Blair's top non-negotiable "red line" was "We will not accept a treaty that allows the charter of fundamental rights to change UK law in any way."
Yet look what we find on page 18 of the Intergovernmental Conference (IGC) mandate, under "II. AMENDMENTS TO THE EU TREATY":
9. The Article on fundamental rights will contain a cross reference³ to the Charter on fundamental rights, as agreed in the 2004 IGC, giving it legally binding value and setting out the scope of its application.(BTW, the seemingly innocuous "IGC 2004" refers to the Conference that adopted an amended version of the 2003 Constitution.)³ Therefore, the text of the Charter on fundamental rights will not be included in the Treaties.
Of course, I'm not a lawyer, so perhaps I have failed to understand the legalese to be found in all the footnotes. Patiently checking the Open Europe blog periodically, they posted a report earlier today, The Constitution by any other name, in which they write:
Open Europe’s legal analysis, based on interviews with judges at the European Court of Justice, shows that there is a powerful body of evidence that even with such “safeguards” [designed to stop the Charter from changing national law - inserted at the UK’s insistence], the Charter would still come to change national law.Maybe Blair knows something we don't. Or maybe he just doesn't care, now he's finally on his way out...
- We interviewed several judges at the European Court of Justice (ECJ), who said that they believed the Charter would change national laws, despite the safeguards. This is crucial, as it would be the Court’s judges who would ultimately decide on how to interpret the Charter if the constitutional treaty is ratified.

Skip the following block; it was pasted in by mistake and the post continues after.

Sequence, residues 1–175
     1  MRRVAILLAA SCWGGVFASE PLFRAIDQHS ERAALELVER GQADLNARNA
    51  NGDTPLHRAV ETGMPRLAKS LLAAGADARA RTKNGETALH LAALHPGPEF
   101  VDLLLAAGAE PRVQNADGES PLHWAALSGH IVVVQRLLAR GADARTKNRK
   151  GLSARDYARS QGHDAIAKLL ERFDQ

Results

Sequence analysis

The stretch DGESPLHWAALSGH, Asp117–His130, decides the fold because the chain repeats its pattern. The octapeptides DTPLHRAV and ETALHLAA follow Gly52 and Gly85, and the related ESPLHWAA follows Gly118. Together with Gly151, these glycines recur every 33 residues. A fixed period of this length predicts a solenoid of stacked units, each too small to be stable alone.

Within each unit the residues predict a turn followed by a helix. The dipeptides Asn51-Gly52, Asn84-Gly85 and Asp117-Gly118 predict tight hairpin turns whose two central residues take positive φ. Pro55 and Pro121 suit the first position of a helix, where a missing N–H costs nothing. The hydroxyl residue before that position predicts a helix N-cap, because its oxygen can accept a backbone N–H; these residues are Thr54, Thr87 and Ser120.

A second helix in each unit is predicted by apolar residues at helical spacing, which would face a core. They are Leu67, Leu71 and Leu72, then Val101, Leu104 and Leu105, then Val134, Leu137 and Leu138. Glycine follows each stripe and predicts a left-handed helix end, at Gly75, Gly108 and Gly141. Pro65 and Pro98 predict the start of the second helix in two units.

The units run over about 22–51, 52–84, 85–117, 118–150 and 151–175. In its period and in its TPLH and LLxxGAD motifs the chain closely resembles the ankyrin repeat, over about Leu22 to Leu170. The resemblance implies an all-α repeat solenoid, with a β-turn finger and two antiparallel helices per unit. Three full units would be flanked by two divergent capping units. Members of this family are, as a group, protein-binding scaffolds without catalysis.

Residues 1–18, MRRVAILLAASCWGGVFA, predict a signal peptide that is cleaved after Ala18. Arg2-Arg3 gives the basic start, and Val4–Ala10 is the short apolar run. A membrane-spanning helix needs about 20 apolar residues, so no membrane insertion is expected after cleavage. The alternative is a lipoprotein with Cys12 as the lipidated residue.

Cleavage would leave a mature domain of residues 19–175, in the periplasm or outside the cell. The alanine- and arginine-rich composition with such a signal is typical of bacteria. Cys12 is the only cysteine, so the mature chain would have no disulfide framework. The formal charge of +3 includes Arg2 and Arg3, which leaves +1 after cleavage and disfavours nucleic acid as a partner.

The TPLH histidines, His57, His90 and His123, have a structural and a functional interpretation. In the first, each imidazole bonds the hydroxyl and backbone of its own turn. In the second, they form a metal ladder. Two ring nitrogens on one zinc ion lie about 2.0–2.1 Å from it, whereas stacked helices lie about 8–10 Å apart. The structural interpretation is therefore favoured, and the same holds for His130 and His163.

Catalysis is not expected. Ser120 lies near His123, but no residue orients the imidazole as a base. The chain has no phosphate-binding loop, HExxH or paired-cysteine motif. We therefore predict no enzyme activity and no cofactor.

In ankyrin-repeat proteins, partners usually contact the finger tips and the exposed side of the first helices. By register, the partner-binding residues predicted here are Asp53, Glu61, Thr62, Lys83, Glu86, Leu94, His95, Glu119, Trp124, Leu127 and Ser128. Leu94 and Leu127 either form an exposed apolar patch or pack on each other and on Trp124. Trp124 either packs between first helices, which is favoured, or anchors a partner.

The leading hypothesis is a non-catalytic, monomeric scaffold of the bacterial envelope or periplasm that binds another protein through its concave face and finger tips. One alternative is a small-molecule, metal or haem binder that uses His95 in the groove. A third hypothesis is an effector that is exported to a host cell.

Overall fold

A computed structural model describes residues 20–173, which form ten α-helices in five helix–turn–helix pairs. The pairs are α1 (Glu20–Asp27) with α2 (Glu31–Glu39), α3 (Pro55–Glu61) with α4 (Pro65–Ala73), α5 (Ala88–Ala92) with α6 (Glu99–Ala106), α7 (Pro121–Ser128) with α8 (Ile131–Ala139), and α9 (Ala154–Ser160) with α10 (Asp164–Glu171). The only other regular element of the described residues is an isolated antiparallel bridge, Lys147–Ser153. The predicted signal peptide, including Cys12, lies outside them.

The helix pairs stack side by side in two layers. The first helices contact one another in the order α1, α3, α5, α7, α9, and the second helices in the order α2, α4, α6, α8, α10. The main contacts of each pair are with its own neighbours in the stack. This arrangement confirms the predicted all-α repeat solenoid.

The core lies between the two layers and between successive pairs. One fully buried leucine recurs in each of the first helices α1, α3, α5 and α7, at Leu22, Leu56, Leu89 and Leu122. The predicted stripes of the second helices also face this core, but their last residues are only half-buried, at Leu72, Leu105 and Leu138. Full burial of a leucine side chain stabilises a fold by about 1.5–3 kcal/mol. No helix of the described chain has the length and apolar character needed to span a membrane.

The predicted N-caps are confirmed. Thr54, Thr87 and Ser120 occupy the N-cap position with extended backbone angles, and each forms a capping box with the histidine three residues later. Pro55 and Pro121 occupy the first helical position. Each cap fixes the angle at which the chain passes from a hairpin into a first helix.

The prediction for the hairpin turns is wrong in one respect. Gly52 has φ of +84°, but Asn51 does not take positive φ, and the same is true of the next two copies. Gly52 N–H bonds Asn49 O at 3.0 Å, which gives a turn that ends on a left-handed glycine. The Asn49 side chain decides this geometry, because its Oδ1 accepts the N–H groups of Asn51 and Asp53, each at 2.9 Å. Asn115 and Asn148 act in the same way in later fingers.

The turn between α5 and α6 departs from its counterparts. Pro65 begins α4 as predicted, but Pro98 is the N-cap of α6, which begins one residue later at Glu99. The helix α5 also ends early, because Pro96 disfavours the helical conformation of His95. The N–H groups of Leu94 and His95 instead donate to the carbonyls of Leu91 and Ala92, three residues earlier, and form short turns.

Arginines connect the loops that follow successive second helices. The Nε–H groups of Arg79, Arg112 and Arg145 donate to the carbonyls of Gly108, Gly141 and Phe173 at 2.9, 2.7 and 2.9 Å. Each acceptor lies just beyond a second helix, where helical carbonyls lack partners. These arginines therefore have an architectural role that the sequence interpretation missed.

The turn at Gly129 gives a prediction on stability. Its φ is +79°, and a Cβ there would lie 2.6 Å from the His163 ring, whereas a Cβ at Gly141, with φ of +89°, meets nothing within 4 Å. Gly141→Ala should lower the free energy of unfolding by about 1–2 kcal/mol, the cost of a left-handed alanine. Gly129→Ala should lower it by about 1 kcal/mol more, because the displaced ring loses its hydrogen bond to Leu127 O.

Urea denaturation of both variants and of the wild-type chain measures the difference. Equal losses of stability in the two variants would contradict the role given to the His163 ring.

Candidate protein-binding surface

- One EU judge said it would “renew” member states’ labour laws and would be “a basis for challenging national law”. Another has said it is “foolish” to think it will not affect national laws. Even the President of the Court explicitly refused to deny that the Charter may be used to change member states laws.
- One judge told us: “The problem for the UK is that the social rights of the Charter could make it obligatory for the UK to accept some rights that they don’t accept in the same way as other European countries… they are afraid that because of the social rights in the charter the Court and the EU would extend the practice of other member states to the UK. I’d say that it’s more [like] a continental model, than an English model of social relations. So in this sense I understand that the companies’ owners are worried because you could have the exportation of the continental model on them.”
- Several judges said that the Charter, despite the “safeguards”, would give the court “more power”. Asked whether the proposal for safeguards would work, one judge said “I guess not, because I saw what was the destiny of other safeguard clauses in the treaty.”
- A legal opinion previously commissioned by the TUC found that, “The attempt by the New Labour government to ‘protect’ the UK’s restrictive labour laws from the fundamental rights proclaimed in the European Constitution failed…there will be no ‘protecting’ UK labour laws.”